Statement of the problem: Antibiotic resistance is an imminent threat to worldwide public health. Dental professionals must demonstrate judicious use of antibiotics and educate their patients about the risks associated with their overuse.
Purpose of the paper: To encourage the dental profession to prescribe responsibly in order to optimise the use of antibiotics in oral surgery. Antibiotic stewardship programmes are recommended to help reduce the emergence of infections that are multidrug-resistant. Clinical practice audits are encouraged to help dentists ensure conservative prescribing patterns.
Conclusions: The dental profession has a duty of care to prescribe antibiotics in adherence with current best practice oral surgery guidelines. The dental profession must show leadership in slowing antibiotic resistance by pledging to safeguard their appropriate use.
Journal of the Irish Dental Association 2015; 62 (2): 114-120
The World Health Organisation has identified antibiotic resistance as a major threat to worldwide public health.1 Every year there are an estimated 25,000 deaths in Europe due to antibiotic resistance.2 This is primarily caused by inappropriate prescribing habits, which lead to the over-use of antibiotics. The dental profession is globally responsible for between 7 and 11% of all antibiotic prescriptions.3 Indiscriminate prescribing practices among dentists, particularly in the field of oral surgery, need to be targeted. Inappropriate prescribing of antibiotics leads to selection and dominance of resistant microorganisms. The exchange of genetic material can also increase resistance, resulting in resistant genes spreading between populations of bacteria.4 As a consequence, antibiotics are becoming less effective and contribute to many infections, which are increasingly difficult to treat. The dental profession must demonstrate leadership in helping to reduce the impact of antibiotic resistance.
The human microbiome
The human microbiome consists of the microbes, along with their genes and genomes, that live in and on the human body. These resident microbes are important to our health as they play a significant role in maintaining our immune systems, contributing to digestion and acting as a first line of defence against pathogens. Researchers now believe that many diseases may be the result of disturbed microbiomes. The current understanding indicates that the human body is made up of 10 times more microbial cells than human cells. It is thought that there may be millions more microbial genes than human genes in this human and microbiome system, and it is the ways in which these microbial genes interact with the human host that describe their ultimate role in health.5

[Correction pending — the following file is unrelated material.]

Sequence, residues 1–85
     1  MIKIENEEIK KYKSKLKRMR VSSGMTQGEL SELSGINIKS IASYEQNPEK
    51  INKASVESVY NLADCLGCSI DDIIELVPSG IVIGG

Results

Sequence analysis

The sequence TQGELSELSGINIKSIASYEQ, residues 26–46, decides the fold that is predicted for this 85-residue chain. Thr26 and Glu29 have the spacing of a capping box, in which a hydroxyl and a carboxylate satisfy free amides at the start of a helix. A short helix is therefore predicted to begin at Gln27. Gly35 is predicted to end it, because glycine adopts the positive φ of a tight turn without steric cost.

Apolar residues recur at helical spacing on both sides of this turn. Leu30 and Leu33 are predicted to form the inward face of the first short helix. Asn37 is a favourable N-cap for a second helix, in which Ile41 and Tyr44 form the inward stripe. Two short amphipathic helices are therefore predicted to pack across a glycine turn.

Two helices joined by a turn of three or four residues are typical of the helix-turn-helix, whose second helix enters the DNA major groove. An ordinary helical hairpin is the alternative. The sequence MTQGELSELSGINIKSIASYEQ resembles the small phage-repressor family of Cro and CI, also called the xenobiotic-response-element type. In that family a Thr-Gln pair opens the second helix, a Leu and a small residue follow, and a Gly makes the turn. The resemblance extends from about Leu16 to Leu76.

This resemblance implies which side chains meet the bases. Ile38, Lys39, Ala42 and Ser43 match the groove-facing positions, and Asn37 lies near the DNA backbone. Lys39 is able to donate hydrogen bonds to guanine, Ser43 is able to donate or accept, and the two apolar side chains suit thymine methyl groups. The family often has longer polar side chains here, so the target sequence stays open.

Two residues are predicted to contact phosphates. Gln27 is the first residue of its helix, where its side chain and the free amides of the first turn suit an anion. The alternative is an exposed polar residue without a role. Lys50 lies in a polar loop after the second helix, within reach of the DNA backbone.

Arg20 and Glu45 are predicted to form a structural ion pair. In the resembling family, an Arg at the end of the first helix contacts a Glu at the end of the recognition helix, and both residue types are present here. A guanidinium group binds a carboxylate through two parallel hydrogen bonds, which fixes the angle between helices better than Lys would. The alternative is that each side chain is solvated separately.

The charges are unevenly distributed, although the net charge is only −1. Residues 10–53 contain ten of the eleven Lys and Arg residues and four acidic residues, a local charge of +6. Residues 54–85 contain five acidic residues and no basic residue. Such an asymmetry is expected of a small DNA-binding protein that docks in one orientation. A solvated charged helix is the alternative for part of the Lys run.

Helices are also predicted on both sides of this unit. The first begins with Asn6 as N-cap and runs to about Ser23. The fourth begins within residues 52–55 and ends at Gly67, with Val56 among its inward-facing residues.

At the same time as we are beginning to appreciate the microbiome, scientists are growing concerned about things that we are doing that may disturb this delicate system. Antibiotic resistance develops when bacteria are exposed to sub-lethal doses of an antibiotic that, instead of killing them, allows them to develop genetic resistance against the antibiotic. Antibiotics can also kill beneficial bacteria in our microbiomes. There is thought to be a relationship between the theorised disturbance in the human microbiome through antibiotic use and the unexpected rise in autoimmune diseases and allergies, particularly in Western countries (Figure 1). Autoimmunity is the failure of our own immune system to distinguish ‘self’ from ‘non-self’. This failure can lead to an immune response being mounted against our own cells and tissues. Examples of autoimmune diseases include rheumatoid arthritis, lupus, diabetes and coeliac disease. Current thinking is that antibiotics cause the loss of normal microbiome constituents, removing the necessary triggers for normal immune system development. As a result, an underdeveloped immune system might possibly encourage autoimmune diseases to develop.6
The number of infections emerging due to multi-drug resistant organisms is rising sharply and the timeline for the development of new antibiotics is limited. A study comparing short-term (three days) with longer-term (five days) prophylaxis following excision of head and neck lesions found a significantly lower number of patients had wounds infected by methicillin-resistant Streptococcus aureus (MRSA) in the shorter term group.7 Antibiotic resistance adversely affects patient outcomes and increases the length of their hospital stays. In addition, there are tremendous healthcare expenses involved in developing new drug therapies to treat such patients.
Administration of antibiotics also predisposes patients to infection with Clostridium difficile, which causes antibiotic-associated colitis.8 Some 5% of healthy adults carry low concentrations of C. difficile in their colon asymptomatically.9 The overuse of antibiotics by dentists can upset the harmony of bacteria in the gut. C. difficile infection occurs when these bacteria multiply and produce toxins, resulting in symptoms such as diarrhoea and fever. Patients who have been treated with broad-spectrum antibiotics are at the greatest risk.10